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Affiliate marketing fraud aims to cheat merchants, buyers, or legitimate affiliates through the use of misleading or fraudulent activities to earn illegitimate commissions.
Because of the mechanics behind affiliate programs, where “tags” are placed in browsers or in referral links that identify the referrer, it can be difficult to monitor all of the various incoming traffic for validity. This presents fraudsters with many opportunities to hijack the process.
A malicious affiliate loads a modified cookie onto a potential customer’s computer after they interact with a part of the affiliate’s online platform. Whenever that visitor visits other websites to make purchases, the affiliate is associated with the referral.
Code-driven, autonomous programs that use victim computer networks to perform activities like spamming forms, watching videos, faking website visits, clicking ad links, or other functions that skew traffic metrics.
Through the use of large groups of individuals, fraudsters perform coordinated activities such as clicking on ads, filling out forms, signing up for newsletters, or following website referral links to generate impressions. This more nuanced human behavior makes it harder for fraud detection methods to succeed.
Malicious software or extensions are loaded onto a visitor’s computer, where they add tags to URLs, intercept browser requests, modify traffic, monitor visitor activity, or perform other activities that reward the fraudster.
A fraudster replicates an existing valid website and publishes it to several similar domains with slightly different spellings or punctuation in an attempt to refer customers to the legitimate merchant and receive credit for future sales.
Businesses unknowingly associate with fake websites or online personalities that use bots or purchased followers to build their persona.
A fraudulent affiliate takes advantage of the cost-per-lead model by automatically or manually filling out lead forms with fake or stolen information, which awards the affiliate with a commission for each completed document.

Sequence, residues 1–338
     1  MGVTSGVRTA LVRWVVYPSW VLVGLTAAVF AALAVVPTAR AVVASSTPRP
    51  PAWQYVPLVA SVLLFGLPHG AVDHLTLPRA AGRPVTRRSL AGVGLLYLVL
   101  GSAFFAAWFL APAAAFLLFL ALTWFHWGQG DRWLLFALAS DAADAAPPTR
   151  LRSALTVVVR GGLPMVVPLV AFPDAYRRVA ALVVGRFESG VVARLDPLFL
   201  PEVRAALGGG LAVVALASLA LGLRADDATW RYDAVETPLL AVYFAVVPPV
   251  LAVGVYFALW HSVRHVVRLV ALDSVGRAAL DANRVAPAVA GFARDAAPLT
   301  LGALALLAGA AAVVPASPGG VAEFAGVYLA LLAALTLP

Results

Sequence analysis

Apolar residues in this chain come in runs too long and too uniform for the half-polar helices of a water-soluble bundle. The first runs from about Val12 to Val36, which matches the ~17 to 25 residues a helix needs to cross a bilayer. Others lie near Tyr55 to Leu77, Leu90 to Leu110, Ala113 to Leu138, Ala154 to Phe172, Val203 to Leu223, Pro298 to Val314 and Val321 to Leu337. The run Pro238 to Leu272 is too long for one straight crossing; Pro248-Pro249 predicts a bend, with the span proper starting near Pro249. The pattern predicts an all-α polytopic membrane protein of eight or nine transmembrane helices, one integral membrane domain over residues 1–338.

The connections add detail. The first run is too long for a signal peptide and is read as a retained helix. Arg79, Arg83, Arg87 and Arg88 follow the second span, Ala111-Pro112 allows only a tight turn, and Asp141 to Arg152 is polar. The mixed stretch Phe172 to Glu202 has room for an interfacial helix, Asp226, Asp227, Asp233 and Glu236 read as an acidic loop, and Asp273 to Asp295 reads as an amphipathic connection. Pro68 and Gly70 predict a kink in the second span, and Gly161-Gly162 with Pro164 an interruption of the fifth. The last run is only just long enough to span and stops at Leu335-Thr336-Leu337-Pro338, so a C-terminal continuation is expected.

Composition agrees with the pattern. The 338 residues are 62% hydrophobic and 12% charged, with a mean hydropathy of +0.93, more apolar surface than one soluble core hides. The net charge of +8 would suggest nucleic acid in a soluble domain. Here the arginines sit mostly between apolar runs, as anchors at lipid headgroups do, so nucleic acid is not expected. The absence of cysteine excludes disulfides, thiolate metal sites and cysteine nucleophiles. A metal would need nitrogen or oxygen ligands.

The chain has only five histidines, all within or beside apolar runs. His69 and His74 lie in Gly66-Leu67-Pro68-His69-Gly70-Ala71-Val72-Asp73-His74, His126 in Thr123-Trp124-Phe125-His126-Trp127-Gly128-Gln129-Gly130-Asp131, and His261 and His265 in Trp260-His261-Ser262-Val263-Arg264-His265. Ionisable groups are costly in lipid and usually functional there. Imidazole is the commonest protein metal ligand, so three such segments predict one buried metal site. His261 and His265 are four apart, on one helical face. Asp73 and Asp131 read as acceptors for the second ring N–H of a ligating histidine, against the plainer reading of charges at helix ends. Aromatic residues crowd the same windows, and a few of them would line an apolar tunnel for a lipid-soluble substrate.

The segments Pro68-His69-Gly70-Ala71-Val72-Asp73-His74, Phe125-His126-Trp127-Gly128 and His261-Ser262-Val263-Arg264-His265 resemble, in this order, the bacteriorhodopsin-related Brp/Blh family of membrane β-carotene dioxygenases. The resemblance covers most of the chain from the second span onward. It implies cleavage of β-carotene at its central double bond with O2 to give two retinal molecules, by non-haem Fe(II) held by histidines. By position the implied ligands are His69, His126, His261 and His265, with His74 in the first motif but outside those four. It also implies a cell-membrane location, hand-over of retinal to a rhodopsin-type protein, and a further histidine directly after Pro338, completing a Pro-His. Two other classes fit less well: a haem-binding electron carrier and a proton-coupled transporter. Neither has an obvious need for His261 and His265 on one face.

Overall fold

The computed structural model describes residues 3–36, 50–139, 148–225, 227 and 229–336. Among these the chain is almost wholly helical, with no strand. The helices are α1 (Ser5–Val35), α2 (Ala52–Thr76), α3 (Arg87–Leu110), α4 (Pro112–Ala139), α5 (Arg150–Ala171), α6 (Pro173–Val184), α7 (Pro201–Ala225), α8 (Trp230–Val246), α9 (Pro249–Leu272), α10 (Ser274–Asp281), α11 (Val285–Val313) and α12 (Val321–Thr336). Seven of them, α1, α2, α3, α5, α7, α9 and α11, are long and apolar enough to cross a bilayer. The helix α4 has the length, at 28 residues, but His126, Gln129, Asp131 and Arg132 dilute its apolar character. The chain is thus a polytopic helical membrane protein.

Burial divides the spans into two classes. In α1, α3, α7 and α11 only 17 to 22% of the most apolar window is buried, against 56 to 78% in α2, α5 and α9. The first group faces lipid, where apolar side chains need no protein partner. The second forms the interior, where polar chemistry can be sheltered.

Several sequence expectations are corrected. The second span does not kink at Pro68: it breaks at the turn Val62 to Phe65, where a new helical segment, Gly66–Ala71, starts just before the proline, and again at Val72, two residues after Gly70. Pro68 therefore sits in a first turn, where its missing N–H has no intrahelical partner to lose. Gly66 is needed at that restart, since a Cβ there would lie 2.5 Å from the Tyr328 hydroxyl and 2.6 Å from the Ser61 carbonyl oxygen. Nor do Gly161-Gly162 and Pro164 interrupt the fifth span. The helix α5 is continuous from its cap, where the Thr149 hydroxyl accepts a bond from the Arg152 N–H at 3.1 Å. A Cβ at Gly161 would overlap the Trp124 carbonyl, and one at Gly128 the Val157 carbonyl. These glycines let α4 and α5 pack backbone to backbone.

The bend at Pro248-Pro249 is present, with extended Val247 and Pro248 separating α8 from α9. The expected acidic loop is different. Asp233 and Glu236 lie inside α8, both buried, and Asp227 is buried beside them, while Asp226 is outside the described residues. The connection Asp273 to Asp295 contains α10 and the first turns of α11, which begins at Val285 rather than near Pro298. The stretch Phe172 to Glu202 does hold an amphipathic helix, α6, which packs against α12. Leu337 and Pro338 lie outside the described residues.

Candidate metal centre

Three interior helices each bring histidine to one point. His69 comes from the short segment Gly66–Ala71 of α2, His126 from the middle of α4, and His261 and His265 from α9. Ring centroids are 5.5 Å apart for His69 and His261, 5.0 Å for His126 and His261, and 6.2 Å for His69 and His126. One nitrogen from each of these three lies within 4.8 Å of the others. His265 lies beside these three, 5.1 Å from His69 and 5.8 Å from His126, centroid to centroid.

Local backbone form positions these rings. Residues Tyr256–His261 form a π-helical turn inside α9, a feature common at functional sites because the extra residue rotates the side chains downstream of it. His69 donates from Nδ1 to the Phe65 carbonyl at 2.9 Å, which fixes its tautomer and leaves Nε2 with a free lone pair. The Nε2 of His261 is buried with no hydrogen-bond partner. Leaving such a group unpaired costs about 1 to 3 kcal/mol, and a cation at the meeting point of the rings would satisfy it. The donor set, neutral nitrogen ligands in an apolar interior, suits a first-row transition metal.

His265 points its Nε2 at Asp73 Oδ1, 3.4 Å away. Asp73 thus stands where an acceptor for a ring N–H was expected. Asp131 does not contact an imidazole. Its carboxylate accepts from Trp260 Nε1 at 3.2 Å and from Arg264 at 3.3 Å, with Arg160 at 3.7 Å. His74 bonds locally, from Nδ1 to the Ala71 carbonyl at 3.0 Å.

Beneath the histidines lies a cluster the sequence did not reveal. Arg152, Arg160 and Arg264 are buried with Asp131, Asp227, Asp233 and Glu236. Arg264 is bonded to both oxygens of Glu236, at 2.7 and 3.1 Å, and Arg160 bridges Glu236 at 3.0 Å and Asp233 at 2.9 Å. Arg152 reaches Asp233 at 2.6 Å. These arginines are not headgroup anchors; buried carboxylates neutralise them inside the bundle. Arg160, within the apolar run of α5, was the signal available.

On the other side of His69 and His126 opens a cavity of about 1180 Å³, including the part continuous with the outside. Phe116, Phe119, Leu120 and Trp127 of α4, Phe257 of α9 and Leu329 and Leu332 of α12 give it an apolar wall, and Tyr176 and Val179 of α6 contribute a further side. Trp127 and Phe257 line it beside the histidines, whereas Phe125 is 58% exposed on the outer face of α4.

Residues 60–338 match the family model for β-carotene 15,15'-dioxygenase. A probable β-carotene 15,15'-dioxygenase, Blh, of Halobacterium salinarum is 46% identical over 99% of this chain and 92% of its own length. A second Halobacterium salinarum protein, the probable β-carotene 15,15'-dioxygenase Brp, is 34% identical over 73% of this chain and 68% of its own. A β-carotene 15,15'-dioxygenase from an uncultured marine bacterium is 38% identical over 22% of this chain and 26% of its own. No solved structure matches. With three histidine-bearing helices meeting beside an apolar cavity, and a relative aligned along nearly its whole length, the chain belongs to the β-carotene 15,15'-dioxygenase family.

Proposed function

Often the most costly for businesses, this occurs when an affiliate fakes a sale (often with stolen credit card numbers) and collects the commission for the sale before the fraudulent purchase is flagged or the product returned. The victim business may also face chargebacks and additional shipping fees.
Fraudsters take advantage of the long payout time (60-120 days) to steal your money with credit card chargebacks. These charges occur when a cybercriminal makes a fraudulent purchase and the affiliate receives payment, but by the time the victim realizes the transaction is fake and disputes the fraudulent transaction, it is very difficult to receive a refund without the bank forcibly taking back the funds.
Another way that ad fraud indirectly affects your bottom line actually occurs when your business tries to prevent fraud without doing the research. One common technical solution attempts to block traffic from known or suspected fraudulent sources, identifying them by IP address or suspicious behaviors, such as the amount of time spent on a website or their global location. However, when you use this method of ad fraud detection, it can backfire and block activity that looks fraudulent but is actually legitimate.
TCPA applies to the digital advertising world. In this case, when a business does not properly research or vet a lead from affiliates or lead forms, and they then contact the individual (whether it's a call or email) using fraudulent data, it could violate TCPA compliance. Frequent TCPA rule violations can lead to hefty fines, ranging from $500-$1,500, should the victim decide to file a complaint.
Consumers, publishers, and affiliate partners do not want to do business with a brand associated with ad fraud. If that fraudulent gain involves your company, even if the data theft wasn’t your responsibility, chargebacks or even unsolicited calls from your brand can result in customers forming a bad association or feeling harassed. This is not the type of connection you want with your reputation.
While technology has armed fraudsters with new tools to commit fraud, it has also given marketers new ways to counter said fraud. Ad fraud solutions such as Anura can help you monitor traffic in real-time and provide a comprehensive overview of every visitor who interacts with your web asset—and identify fraudulent activity right away. This way, you can identify fraudulent leads before paying affiliates for them, saving your money and boosting ROI.
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